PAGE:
Log et al – Peter Curd

An irreverent peek into the inner rumblings of Peter Curd

Apr

13

Review: Chorus Skating

By pcurd

Chorus Skating
Chorus Skating by Alan Dean Foster
My rating: 3 of 5 stars

It’s done! I’ve finished the Spellsinger series! It wasn’t a hard series to work through, really they are “easy listening” stories, but it felt like a long time.

It’s a return to form after the diversion through the 7th book (Son of Spellsinger), focusing again on the cast of the third 6 stories with a layer of “elderly” creakiness thrown on top. Really though, chronologically the cast can’t be older than their early 40s so the frequent comments on dodgy backs, pained knees, and worn out fingers is a little over the top. Foster himself must have been older than that when writing this book, I hope he wasn’t feeling his age quite that much!

The story follows the same rambling through the country meeting people and solving their problems motif that has been the series staple since the third book, this time focusing only on one sub-plot. This could have been a problem, but for once the new characters (because, of course, bringing back old characters would be far too dull) aren’t all annoying. All of them are interesting, and the majority have a good mix of personality and motivations. It felt a little like he was trying to cram in a few more “tribes”/species to get them off his list, but it was a good variety which added to the plot rather than being entirely fluff.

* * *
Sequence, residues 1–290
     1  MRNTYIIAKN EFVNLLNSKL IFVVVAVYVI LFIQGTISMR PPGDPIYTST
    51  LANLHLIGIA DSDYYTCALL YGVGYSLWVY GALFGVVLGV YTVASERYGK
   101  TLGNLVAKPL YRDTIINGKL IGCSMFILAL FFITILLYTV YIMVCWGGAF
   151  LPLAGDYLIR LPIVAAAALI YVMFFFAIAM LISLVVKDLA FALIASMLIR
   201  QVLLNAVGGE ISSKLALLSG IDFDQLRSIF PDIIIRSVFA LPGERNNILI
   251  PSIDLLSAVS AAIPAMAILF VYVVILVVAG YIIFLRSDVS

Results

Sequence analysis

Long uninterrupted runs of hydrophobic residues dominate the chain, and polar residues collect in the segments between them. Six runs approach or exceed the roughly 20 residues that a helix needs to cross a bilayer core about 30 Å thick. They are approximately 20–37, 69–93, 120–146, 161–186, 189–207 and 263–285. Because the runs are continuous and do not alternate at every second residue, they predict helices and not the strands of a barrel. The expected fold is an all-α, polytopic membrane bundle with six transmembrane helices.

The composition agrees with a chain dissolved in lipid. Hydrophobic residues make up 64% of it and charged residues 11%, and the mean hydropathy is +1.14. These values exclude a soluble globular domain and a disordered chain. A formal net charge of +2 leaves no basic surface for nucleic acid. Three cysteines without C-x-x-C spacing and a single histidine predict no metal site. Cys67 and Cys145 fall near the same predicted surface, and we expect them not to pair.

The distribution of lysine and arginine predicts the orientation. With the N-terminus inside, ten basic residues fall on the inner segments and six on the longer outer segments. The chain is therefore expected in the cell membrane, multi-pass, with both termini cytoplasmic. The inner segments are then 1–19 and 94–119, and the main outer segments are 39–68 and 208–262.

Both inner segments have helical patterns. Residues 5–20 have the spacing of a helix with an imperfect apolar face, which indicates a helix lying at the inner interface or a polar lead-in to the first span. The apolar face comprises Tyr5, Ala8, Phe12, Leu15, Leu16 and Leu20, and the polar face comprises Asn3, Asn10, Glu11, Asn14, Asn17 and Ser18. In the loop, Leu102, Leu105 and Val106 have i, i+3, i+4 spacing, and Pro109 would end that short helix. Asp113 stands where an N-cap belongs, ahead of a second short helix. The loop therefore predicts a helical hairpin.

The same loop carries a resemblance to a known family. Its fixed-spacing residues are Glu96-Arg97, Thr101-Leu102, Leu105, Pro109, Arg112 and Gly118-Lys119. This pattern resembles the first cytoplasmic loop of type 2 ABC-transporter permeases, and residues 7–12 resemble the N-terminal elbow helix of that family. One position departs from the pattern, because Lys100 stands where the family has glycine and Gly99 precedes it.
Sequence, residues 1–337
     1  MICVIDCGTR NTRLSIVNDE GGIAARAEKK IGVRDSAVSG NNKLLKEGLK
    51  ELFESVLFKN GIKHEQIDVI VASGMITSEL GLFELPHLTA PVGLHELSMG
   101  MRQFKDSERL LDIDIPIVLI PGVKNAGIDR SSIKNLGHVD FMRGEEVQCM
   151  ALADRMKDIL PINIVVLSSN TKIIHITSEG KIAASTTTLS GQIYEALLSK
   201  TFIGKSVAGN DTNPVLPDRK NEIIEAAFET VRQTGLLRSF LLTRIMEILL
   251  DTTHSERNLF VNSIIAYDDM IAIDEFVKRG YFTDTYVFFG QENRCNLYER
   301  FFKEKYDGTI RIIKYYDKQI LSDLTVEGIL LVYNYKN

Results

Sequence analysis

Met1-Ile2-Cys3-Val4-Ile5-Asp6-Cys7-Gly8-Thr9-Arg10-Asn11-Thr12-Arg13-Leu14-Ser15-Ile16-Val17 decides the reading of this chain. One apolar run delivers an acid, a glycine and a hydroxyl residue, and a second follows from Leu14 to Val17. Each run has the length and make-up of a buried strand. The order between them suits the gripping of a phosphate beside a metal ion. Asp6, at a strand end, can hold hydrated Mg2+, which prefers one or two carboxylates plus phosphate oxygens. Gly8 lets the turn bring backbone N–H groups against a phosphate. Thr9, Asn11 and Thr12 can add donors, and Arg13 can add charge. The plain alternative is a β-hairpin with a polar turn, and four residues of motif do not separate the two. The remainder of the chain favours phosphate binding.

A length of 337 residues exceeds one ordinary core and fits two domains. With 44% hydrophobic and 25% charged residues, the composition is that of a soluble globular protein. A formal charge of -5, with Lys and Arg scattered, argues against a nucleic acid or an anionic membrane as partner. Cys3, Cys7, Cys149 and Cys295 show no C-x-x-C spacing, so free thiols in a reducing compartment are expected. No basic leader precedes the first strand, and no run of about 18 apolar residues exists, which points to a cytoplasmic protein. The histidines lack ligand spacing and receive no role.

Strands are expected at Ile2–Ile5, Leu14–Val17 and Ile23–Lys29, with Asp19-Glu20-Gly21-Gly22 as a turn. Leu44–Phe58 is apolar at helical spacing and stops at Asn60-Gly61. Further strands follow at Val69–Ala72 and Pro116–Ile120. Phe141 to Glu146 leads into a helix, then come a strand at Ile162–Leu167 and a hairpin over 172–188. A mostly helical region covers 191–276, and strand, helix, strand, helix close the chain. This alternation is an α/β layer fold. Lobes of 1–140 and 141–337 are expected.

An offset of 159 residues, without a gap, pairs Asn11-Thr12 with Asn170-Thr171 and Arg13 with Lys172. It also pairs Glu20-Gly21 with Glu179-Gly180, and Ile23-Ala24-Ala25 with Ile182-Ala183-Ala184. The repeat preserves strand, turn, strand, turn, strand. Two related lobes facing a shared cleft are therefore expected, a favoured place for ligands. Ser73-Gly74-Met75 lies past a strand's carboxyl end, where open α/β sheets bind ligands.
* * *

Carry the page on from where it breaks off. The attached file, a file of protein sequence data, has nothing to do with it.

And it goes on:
My biggest gribe is the continuation of the trend towards terrible female characters. Since the midpoint in the series I think Foster went off women, and starting writing awful characters with only two possible guises – the house-proud busybody or the acquisitive wet rag. Even once strong characters from the beginning of the series are not immune, morphing into a totally different person on their reappearance. In this book the problem is multiplied by the number of female characters brought in at once. What Foster was doing, I can’t imagine, but he does manage to introduce a new group with a different background to those we’ve seen before that I became quite attached to. Of course they are all men, since they are well written.

I still don’t think I can recommend the Spellsinger books to any particular group, or type of fan. They aren’t good fantasy stories, they aren’t good adventure stories, and I don’t think they are good “anthropamorphic animal” stories (although I’m no expert in that genre). I was able to enjoy them though, and this is one of the better ones for sure. I will miss one or two of the characters – but all the best characters left after their respective book never to be seen again anyway so I’m used to that.

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